5.5 Salvation Or Sozo? Which Will It Be?


Since the late 1940’s the American church has been much concerned with saving the lost. For several decades the church has thrown its resources behind massive “Evangelistic Crusades.” While many thousands have found Christ in these crusades, the church has fallen short in many cases of making disciples of those who have made decisions. As a religious community the church has naively expected the lost to “come to Church” to be saved. To correct our mistakes we can follow Jesus’ example in evangelism. Jesus met the lost and ministered to them on their “turf ” even though religious people criticized him for it. After an encounter with Jesus in their own environment, the lost not only made a decision to accept Jesus as Messiah, they became true disciples whose lives were radically altered by the power and love of God. In the Body of Christ it is each person’s role to minister salvation to the lost. Often we think of “saving souls,” but salvation is for the “whole man.” Often the poor, the lost, and the sick are the same people. John Wimber


As a baby-boomer, I grew up being very familiar with evangelistic crusades. I credit the great evangelist, Billy Graham, as the man who clearly brought me to the salvation message of Jesus Christ. While I grew up in church, faithfully attending a main-line denominational church with my parents, it was actually Billy Graham’s evangelistic crusades on television that convinced me to make a personal decision to follow Jesus.

Back in the day, you see, Billy Graham was on TV regularly. Most of his large crusades in the 1950s and 60s were broadcast across the airwaves, and with only three major TV networks available to us back then, it wouldn’t be unusual to turn on the tube on any given evening and find Billy preaching to yet another massive crowd in some major American city. My parents enjoyed watching Billy and I did as well. I often tell people that I responded to Billy’s invitation to “come, just as you are” many, many times on TV, and for all I know, it stuck at least one time; maybe more!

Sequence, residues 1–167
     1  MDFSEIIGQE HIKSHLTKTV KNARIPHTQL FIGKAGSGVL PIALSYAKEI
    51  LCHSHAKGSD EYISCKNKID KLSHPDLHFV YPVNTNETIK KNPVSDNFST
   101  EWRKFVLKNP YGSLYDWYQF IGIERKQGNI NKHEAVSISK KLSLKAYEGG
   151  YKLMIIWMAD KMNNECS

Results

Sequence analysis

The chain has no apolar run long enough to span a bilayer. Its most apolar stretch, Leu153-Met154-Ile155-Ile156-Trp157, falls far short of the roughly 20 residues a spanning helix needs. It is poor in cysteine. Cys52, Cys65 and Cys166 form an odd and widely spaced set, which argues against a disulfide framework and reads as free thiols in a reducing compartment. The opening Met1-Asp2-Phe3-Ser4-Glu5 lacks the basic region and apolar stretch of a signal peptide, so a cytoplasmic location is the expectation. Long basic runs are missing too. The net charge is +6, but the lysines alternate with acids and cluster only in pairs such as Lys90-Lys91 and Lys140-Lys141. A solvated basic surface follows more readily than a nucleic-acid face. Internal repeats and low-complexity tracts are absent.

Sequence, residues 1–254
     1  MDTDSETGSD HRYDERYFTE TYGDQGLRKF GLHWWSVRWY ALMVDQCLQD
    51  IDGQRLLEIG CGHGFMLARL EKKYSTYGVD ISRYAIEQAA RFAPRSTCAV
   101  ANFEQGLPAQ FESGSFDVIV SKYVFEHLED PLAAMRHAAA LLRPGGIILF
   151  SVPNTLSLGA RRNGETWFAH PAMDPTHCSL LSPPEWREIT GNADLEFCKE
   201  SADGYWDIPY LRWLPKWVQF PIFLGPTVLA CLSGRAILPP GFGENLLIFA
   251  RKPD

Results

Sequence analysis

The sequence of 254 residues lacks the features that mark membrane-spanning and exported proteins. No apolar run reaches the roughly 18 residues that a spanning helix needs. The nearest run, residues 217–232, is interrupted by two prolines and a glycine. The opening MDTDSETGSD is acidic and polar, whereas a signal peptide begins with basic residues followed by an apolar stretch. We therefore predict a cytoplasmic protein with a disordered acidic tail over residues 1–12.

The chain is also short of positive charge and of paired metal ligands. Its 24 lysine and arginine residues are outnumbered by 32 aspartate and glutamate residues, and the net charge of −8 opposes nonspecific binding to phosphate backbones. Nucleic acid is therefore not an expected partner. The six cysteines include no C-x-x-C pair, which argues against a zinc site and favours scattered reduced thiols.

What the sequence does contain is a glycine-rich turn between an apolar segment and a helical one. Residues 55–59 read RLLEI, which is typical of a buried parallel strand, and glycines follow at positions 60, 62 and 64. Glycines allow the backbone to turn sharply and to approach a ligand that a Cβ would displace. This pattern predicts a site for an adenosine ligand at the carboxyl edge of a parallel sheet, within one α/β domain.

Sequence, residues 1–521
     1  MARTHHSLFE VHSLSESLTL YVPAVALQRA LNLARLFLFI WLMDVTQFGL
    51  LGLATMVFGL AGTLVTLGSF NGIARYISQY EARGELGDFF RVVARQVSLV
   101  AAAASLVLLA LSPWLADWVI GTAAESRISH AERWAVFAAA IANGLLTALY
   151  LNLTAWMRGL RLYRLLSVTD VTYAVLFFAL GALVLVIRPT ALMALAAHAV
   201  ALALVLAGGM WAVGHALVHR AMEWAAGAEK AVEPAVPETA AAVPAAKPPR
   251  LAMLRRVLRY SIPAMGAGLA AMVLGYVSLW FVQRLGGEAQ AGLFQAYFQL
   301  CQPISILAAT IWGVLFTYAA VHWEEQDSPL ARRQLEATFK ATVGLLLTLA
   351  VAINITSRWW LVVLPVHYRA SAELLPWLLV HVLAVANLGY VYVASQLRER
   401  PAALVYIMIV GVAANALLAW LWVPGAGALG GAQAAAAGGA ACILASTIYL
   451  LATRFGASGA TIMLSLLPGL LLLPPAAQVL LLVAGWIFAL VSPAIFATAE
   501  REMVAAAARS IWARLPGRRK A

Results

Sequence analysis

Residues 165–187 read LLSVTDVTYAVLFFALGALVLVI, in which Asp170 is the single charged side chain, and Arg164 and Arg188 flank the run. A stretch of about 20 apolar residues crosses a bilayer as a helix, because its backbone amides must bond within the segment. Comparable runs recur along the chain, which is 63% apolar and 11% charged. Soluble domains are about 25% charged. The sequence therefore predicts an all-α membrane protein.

Yet, while massive evangelistic crusades were very effective during the second half of the twentieth century across North America, Wimber is right when he said that sadly, most of evangelical Christianity views the word salvation as being associated exclusively with sinners receiving Christ as Savior, much as I did when I was a kid.

But here’s the truth.

When you and I limit the use of the word salvation to such evangelistic activity, we miss the fact that the New Testament has a much broader theme in mind when the word appears. In fact, the New Testament Greek word for salvation is sozo and it means so much more than some sinner saying a prayer of dedication at an evangelistic crusade. If we take a quick peek into a New Testament Greek Lexicon, we’ll find these extensive definitions of the word sozo (salvation or being saved):

    • To save, keep safe and sound, to rescue from danger or destruction;
    • To save one from injury or peril;
    • To save a suffering one from perishing, i.e., one suffering 
from disease;
    • To make well, heal, restore to health;
    • To preserve one who is in danger of destruction, to save or